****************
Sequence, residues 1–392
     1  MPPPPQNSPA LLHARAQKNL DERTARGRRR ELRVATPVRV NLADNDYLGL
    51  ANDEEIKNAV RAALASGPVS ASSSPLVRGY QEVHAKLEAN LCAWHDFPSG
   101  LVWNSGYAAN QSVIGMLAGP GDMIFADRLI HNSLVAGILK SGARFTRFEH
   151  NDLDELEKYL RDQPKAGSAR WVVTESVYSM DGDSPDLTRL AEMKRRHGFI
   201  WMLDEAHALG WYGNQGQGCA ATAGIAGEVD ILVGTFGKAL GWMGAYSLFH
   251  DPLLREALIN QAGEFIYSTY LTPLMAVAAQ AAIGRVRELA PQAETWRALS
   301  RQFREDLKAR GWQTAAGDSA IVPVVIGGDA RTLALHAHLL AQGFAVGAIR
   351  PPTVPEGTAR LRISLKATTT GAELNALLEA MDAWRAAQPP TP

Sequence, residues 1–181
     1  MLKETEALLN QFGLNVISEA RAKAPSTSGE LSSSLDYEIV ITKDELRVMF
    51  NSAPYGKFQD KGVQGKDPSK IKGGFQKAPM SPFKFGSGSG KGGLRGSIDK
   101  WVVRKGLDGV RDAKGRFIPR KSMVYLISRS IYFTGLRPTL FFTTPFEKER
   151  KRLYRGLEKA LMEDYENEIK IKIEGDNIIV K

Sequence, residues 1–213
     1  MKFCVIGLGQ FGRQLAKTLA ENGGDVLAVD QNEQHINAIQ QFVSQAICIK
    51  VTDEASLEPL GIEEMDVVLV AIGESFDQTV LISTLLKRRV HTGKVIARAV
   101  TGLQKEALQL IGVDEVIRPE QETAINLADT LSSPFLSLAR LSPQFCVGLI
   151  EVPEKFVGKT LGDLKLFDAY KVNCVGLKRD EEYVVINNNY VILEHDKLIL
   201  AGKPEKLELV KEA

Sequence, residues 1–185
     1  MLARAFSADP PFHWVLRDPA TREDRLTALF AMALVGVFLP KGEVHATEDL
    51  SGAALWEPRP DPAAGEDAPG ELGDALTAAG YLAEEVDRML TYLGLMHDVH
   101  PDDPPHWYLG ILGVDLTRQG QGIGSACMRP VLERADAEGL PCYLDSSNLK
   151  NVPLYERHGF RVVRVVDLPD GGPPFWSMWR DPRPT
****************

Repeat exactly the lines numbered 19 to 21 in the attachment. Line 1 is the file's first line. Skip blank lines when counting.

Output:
   151  EVPEKFVGKT LGDLKLFDAY KVNCVGLKRD EEYVVINNNY VILEHDKLIL
   201  AGKPEKLELV KEA

Sequence, residues 1–185